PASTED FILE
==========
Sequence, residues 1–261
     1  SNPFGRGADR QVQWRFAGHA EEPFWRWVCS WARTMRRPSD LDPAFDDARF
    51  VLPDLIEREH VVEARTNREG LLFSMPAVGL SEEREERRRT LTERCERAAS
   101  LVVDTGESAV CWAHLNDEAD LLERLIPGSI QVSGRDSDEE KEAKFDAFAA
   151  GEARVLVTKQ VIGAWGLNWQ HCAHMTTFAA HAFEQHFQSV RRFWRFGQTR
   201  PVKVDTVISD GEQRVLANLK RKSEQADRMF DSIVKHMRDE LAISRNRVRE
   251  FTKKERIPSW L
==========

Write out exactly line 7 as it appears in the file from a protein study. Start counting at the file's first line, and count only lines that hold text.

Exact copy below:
   251  FTKKERIPSW L